Aviation Icon Gilbert DeVore Dies at 89

Aviation Icon Gilbert DeVore Dies at 89
Gilbert DeVore founded DeVore Aviation in 1954 as a consulting business. In 1968, he transformed the company into an aviation products firm.

Gilbert DeVore founded DeVore Aviation in 1954 as a consulting business. In 1968, he transformed the company into an aviation products firm.

Gilbert DeVore, founder of DeVore Aviation, died in Gilbert, Ariz., on February 2. He was 89.

A native of Chicago, DeVore graduated from Purdue University, where he earned an engineering degree with honors. His first job was with Curtiss-Wright in Buffalo, where he worked on the design of a number of World War II aircraft including the P-40.

In 1943, DeVore wanted to join the Navy, but the National Advisory Council for Aeronautics put him to work at their Langley, Va., facility for two years. He then went on to work for Sherman Fairchild and later for the Civil Aviation Administration as a test engineer. He spent six years certifying helicopters. He left the CAA to form his own business.

He founded DeVore Aviation in 1954 as a consulting business. Arnie Robinson, a structural engineer, became a partner in the company in 1960. (Robinson died in 2005.)

In the late 1960s, there were more than 40 engineers on the staff. But in 1968, DeVore made the decision to transform the company into an aviation products firm. The company’s first product was JATO (jet assisted takeoff), a rocket booster installation that helped airliners operate out of high, hot airports and to takeoff with heavier loads on runways of marginal lengths.

Early that year, DeVore acquired the product by hiring Ed Rice, manager of the JATO division of Aerojet General, which had the rights to the product that had been used by the Air Force during World War II. Rice brought the rights to JATO with him and became vice president of marketing for DeVore Aviation.

Later that same year, DeVore bought PK Floats and expanded its product line.

In the early years of the company’s history, he worked on proving the feasibility of the Custer Channel Wing, a short takeoff and landing aircraft. He also worked on an in-flight simulator in a Convair 580 with a Boeing 707 nose, a project that received a great deal of publicity.

Another notable project on which DeVore worked was the development and certification of the Umbaugh autogyro, which became the Air & Space 18-A.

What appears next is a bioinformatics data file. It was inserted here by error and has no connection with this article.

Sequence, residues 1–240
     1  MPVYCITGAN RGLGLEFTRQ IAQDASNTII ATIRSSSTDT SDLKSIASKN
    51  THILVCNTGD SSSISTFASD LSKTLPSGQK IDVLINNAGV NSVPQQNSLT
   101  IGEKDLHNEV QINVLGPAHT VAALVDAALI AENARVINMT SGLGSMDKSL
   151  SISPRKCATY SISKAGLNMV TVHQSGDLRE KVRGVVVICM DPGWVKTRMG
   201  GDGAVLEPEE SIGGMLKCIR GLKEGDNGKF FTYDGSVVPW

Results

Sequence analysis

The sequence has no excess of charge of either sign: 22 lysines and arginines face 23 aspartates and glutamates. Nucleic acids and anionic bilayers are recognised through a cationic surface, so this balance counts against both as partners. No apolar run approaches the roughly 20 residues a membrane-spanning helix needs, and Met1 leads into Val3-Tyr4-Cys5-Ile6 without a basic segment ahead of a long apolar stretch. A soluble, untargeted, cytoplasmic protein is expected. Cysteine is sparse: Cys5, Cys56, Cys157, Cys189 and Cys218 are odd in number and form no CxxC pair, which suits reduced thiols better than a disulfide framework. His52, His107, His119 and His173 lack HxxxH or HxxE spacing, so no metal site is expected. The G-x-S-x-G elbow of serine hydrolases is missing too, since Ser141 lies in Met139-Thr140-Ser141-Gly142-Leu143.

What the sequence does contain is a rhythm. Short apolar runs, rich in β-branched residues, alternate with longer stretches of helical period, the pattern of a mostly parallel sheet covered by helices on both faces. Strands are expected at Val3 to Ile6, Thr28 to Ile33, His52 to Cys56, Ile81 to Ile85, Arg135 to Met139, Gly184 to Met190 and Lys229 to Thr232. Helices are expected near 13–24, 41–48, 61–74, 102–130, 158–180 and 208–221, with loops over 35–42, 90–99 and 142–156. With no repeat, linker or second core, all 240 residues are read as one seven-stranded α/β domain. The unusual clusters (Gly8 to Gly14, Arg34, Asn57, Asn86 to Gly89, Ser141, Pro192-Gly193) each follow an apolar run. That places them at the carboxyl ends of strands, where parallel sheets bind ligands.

The product for which DeVore is best known is Tel-Tail vertical tail floodlights. In 1969, the company, with offices in Roslyn Heights, Long Island, N.Y., opened a California office in order to get more West Coast business.

After the move, Purex, which owned Pacific Airmotive, an FBO that operated a modification center, decided to close down the aviation division. DeVore hired the Pacific Airmotive people. One of the modifications they had worked on was a wingtip light, which was aimed at the vertical tail of the Playboy DC-9 in order to illuminate the Playboy bunny. They had obtained a one-time STC for that installation.

It was suggested that DeVore seek STCs for airliners, and he gave the OK to go ahead with that effort. Today, Devore holds over one hundred STCs for every type aircraft from the Cessna 150 through the Boeing 747, including dozens of models of business jets.

Although they’re no longer the company’s number one product, Tel-Tail lights are still one of their top products. The company expanded its outside lighting line and now produces recognition (strobe) lights, landing lights and a full line of helicopter lights, which now dominate its sales.

In 2000, the company sold its PK Division to Alton Bouchard in Lincoln, Maine, who operates under the name PK Floats, Inc.

Another of the company’s products is PLASI (pulse light approach slope indicator), which Gil DeVore worked tirelessly to perfect and promote. The system is installed at hundreds of airports, but the bulk of the sales today are overseas.

DeVore leaves his wife, Joan, a son, Robert, daughter-in-law, Anna, and four grandchildren.